“Shipbreaking” n°17

30 Sep 2009

In February 2009, « because of the restricted visibility due to foggy conditions » the chemical tanker Kashmir loaded with 30.000 t of oil condensates used by the petrochemical industry collided with the container-ship Sima Saman 13 km off Dubaï. The fire which broke out was only brought under control late at night. The plume of smoke darkened the industrial zone and the port of Jebel Ali, south of Dubaï all day long. Five months later the Kashmir was sold for scrapping and towed to India. Soots, residual liquids, melted materials, released asbestos and PCB, dioxins, the working conditions are particularly dangerous for labourers while breaking up damaged ships.

kashmir-web-Robin-des-Bois-2009Kashmir, February 11th 2009 in Dubaï. The Authorities reported « no marine pollution ».© Reuters/Matthias Seifert


Inconsistency in the United States

The US MARAD carries on with the destocking of its old troop and cargo carriers and other auxiliary ships. Eight of them have left the Reserve Fleets of James River (Virginia) and Beaumont (Texas). Taking into account the metal market prices and the bad condition of a number of hulls, the dismantling in the United States of these more or less vintage and more or less rusted ships has cost this time the US MARAD between 42 and 96 $ US per ton. However four ships have been sold between 2 and 25 $ US per ton.

The US MARAD shows off honorable and self-governing intentions regarding the scrapping of her old ships (each press release announcing the recycling of an obsolete reserve ship ends up with a notice stressing upon the « environmentally sensitive manner » and « the reycling and disposal of materials in accordance with state and federal law. ») but it seems that some ships are getting away with it.

Two veterans, the Chattahoochee and the Nodaway, respectively 52 and 66 years of age, have been clearly scrapped through another path, exportation. These vintage oil transporters which have been supplying the American Pacific fleet were sold in December 2006 to Teraoka Co Ltd, a Japanese shipbuilding and repair yard. Deflagged from the United States to Mongolia, they were then classified by International Ship Classification, established in Singapore along with the Mongolian, Tuvalu and Kiribati maritime registers. According to the memorandum of Tokyo they are afflicted with 110 and 163 target factors and consequently subjected to « very high risk ». At the end of the game they have been sold to a Japanese scrapping yard.

The fate of two other ships which have been serving the US Navy for 25 years, the PFC James Anderson Jr and the 1st Lt. Alex Bonnyman suggest more queries as to the robustness of the US dismantling process of national ships and the enforcement of the US moratorium on exportation in effect since 1998.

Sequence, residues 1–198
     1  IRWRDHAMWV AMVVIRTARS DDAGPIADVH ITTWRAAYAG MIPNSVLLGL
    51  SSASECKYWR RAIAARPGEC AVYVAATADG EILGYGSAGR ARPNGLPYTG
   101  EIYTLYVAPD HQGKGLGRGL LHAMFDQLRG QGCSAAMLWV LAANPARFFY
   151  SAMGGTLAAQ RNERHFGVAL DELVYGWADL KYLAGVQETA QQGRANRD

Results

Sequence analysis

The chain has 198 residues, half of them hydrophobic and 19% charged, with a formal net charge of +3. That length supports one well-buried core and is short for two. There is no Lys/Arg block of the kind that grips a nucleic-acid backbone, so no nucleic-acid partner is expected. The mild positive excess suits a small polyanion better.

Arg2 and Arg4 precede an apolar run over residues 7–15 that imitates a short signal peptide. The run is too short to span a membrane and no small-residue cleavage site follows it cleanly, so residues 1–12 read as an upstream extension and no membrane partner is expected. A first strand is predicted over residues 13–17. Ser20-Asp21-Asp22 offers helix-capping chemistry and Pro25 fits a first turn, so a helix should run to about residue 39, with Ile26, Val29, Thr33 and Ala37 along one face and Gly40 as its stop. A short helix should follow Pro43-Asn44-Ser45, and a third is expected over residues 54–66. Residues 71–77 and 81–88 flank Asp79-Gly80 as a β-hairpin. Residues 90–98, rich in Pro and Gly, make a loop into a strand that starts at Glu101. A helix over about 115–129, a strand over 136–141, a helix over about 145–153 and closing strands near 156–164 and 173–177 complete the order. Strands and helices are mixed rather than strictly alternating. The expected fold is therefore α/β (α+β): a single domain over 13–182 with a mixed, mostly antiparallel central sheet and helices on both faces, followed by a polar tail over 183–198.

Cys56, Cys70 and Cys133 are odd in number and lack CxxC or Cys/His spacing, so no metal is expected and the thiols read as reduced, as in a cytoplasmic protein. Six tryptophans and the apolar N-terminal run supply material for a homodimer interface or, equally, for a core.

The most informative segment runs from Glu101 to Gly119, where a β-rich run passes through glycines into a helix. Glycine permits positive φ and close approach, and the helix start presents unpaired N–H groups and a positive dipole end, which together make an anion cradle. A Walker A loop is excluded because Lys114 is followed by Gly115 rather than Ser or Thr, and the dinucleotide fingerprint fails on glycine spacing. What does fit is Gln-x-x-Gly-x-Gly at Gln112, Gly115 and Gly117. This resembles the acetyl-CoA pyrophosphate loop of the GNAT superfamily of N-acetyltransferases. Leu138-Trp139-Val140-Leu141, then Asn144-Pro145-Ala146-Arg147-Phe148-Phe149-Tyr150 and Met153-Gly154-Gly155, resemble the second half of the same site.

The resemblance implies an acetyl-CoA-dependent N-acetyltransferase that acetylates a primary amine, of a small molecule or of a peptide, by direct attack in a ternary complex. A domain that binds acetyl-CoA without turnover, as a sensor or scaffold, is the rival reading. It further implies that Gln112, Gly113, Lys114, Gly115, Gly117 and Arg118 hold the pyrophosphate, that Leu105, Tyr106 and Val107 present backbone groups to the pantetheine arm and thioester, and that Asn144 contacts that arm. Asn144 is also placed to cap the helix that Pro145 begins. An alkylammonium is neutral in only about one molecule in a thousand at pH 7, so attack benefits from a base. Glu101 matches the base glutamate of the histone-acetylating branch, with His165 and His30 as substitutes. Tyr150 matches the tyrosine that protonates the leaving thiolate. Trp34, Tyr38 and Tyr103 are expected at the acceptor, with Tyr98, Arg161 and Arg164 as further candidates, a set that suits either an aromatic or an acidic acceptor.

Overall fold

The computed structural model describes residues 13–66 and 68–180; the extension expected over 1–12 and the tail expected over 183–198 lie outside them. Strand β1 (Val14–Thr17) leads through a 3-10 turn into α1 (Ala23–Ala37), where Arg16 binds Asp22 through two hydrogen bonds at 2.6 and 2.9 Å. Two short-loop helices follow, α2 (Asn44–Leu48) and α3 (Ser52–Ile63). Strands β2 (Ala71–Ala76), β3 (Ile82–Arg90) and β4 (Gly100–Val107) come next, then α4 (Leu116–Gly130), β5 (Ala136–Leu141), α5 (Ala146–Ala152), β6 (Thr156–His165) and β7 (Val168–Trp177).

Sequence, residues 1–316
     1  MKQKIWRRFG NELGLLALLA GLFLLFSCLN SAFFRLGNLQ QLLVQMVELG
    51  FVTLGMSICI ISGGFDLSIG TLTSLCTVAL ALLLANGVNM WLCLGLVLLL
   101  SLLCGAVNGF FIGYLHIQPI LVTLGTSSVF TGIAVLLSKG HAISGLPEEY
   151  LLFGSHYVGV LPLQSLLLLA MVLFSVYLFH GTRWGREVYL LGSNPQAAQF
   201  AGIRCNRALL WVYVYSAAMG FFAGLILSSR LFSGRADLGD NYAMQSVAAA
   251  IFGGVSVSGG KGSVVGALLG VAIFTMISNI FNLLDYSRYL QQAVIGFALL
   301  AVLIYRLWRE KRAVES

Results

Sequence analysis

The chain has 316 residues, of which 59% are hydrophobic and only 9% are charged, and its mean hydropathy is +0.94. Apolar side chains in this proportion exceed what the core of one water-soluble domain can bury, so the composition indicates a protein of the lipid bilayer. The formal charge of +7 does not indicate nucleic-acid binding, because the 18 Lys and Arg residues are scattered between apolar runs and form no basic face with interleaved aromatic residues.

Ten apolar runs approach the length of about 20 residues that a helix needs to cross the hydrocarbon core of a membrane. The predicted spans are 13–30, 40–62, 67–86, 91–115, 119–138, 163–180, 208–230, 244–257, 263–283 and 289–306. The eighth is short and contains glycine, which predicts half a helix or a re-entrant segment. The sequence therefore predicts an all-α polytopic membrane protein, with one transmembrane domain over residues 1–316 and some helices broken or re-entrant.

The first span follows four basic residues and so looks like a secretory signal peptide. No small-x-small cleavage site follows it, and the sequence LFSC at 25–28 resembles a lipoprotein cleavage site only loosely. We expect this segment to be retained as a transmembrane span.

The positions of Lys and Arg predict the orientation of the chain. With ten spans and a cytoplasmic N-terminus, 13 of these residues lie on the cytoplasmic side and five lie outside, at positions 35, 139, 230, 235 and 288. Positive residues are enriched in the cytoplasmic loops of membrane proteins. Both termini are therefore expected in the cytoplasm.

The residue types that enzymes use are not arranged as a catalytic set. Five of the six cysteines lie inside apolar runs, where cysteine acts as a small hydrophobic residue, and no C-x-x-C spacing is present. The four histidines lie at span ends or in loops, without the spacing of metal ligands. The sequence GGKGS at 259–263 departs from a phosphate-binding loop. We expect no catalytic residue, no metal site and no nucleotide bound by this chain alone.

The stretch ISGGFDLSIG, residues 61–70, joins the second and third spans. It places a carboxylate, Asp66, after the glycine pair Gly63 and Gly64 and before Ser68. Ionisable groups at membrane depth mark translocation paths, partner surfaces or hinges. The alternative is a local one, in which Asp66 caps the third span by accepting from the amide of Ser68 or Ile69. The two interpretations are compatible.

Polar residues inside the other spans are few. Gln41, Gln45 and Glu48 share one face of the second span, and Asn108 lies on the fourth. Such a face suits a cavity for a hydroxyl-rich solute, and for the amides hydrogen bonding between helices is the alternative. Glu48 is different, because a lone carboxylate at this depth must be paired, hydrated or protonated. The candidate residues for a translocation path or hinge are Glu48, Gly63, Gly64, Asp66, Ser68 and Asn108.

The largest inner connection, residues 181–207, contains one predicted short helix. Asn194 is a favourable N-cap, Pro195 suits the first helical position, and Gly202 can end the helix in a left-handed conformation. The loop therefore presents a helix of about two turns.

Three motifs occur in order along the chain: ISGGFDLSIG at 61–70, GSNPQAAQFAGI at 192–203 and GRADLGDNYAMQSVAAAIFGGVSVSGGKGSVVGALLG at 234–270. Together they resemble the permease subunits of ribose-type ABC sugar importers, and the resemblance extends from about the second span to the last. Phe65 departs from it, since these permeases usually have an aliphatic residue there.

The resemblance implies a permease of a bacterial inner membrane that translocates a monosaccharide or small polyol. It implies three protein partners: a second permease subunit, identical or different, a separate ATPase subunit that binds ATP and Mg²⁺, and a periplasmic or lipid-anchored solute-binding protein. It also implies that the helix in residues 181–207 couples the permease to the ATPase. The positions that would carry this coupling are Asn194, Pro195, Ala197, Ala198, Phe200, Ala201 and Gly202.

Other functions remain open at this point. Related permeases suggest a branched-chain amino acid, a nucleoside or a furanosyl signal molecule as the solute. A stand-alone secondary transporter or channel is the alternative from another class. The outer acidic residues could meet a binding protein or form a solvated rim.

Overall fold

alex-web-Robin-des-Bois-20091st Lt Alex Bonnyman  © US Navy

These two ships built in Denmark in 1979 and 1980 as Emilie Maersk and Emma Maersk have been operated under long term charters since 1984 by the US Navy, then jumboized and converted in Sparrows Point by Bethlehem Steel. Placed in service under the direction of the Military Sealift Command in the Maritime Prepositioning Ship Squadron at the Diego Garcia Base in the Indian Ocean, they have been carrying equipment to support the United States fleet. These ships are not property of the American Authorities but belong to Wilmington Trust Co. Bank On July 15th 2009, the shipping press annouced that the two ships have been sold for demolition in India; deflagged to Saint-Kitts-and-Nevis and renamed Anders and Bonny. The American environmentalist NGOs asked the EPA (Environment Protection Agency) to prevent  the sailing from Norfolk of these two ships suspected to contain asbestos, PCBs and other toxic materials in spite of the reassuring statement of Denmark. The new owner Star Maritime Corp maintains that the two auxiliary ships equipped with an helicopter platform will be assigned to a sugar traffic between Brazil and India. At the end of August, the EPA has « no reason to retain the ships », they say, while Anders has already left Norfolk Harbour heading for Santos (Brazil) according to the official statement. Will she be loaded with sugar bound for India and then be scrapped ?

Meanwhile, the US merchant ships continue to be beached in Asia without too much soul searching from their American owners. The Hari Bhum and the Perla II have just arrived in Alang as for the Global Patriot beached in Bangladesh under her new Mongolian flag, preceded in the same deflagging process by the ex-Overseas Washington and ex-Perseverance (see the bulletins Ship-breaking.com # 6 and #9).